Each I/O channel is assigned four memory
addresses in main memory or in logic circuitry
(registers) that replaces or overlays four
sequential main memory addresses. These four
addresses or registers are used to store the
External Interrupt Code Word
address n + 1 Input Data Word
address n + 2 Output Data Word
address n + 3 Channel Control/Status Word
These addresses also allow the IOC/CPU
to perform interrupt driven or polled I/O
operations. Addresses n + 1 and n + 2 can be
used as single word buffers for polled
operations with the channel status word (n+ 3)
acting as the status word for the CPU to
periodically sample (poll).
POLLED I/O. In polled I/O, the CPU must
regularly check or poll each channel or port in turn
to determine if it has information for input or is ready
to accept data for output. A flag register can be used to
check the ports status. Polling is time consuming. The
CPU must pause between executing processing
instructions and poll of each port. A ports status is
examined in case action is required by the computer.
We use a keyboard as an example of polled I/O. Figure
7-12 shows a read operation. The CPU reads or
receives 8-bit encoded characters as they are typed on
the keyboard. The CPU is programmed to read the
input characters from an external device, in this case a
keyboard. The keyboard inputs parallel 8-bit character
codes for each depression of the keys. Characters are
entered slowly as compared to the CPUs ability to
Figure 7-12.Polled I/O; read operation,
process them. The dedicated CPU has to wait until the
next character is entered each time.
The CPU is programmed with what is known as an
I/O wait loop.
As the CPU executes the loop
instructions, it periodically (say 20 times a second)
checks the status code from the keyboard to see if a
character has been entered. A data register, INBUF, in
the keyboard interface receives the character data from
the keyboard. It holds the data until read by the CPU.
A status register, INSTATCODE, indicates whether
there is a new character in the INBUF register. By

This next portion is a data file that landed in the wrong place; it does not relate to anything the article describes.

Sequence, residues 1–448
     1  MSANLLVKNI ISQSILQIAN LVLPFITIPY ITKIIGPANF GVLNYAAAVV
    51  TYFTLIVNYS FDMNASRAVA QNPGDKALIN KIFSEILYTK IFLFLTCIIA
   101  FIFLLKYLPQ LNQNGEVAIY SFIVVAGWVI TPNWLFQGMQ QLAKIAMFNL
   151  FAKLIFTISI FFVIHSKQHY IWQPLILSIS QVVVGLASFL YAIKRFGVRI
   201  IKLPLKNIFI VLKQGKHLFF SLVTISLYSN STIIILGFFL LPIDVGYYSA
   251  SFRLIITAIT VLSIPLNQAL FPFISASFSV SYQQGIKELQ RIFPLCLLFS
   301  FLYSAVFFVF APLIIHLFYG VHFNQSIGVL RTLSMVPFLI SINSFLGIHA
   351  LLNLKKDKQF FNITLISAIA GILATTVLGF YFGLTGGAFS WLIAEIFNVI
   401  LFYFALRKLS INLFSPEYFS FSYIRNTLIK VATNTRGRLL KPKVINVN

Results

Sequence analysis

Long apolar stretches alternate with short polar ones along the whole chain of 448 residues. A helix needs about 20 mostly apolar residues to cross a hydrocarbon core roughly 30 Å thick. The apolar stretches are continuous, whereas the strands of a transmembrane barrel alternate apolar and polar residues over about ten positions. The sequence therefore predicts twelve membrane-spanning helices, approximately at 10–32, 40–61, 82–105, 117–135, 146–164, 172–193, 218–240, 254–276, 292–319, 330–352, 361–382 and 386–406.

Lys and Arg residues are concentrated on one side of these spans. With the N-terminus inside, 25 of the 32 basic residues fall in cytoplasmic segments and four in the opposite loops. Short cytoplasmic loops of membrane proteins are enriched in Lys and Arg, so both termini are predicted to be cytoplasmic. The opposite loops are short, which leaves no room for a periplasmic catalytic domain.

continuously testing the status register, the CPU detects
when the code for a data entry is present. The CPU then
executes the instructions to transfer the data from the
data register to the specified location in the computer.
Once this has completed, the CPU returns to the wait
loop and polling process. The same procedure can be
used for output or write operations. Figure 7-13 shows
an output operation. In this case, the data is moved from
a computer location to the data output buffer of the
One of the disadvantages with polled I/O is that it
involves the CPU throughout the input/output process.
This is wasteful of CPU time. The CPU spends time
executing input/output instructions that it could be
spending performing other operations. Direct CPU
interface has its place, particularly in small computers
that are not concerned with high-speed operations and
processing very large amounts of data. Most of the
larger computers, however, use interrupt driven I/O.
INTERRUPT DRIVEN I/O. The interrupt
technique requires more complex hardware and
software, but makes far more efficient use of the
computers time and capacities. In an interrupt driven
I/O, the I/O section itself is capable of accessing
memory via the computer communication buses. The
I/O processor can, while conducting I/O operations,
Figure 7-13.Polled I/O; write operation.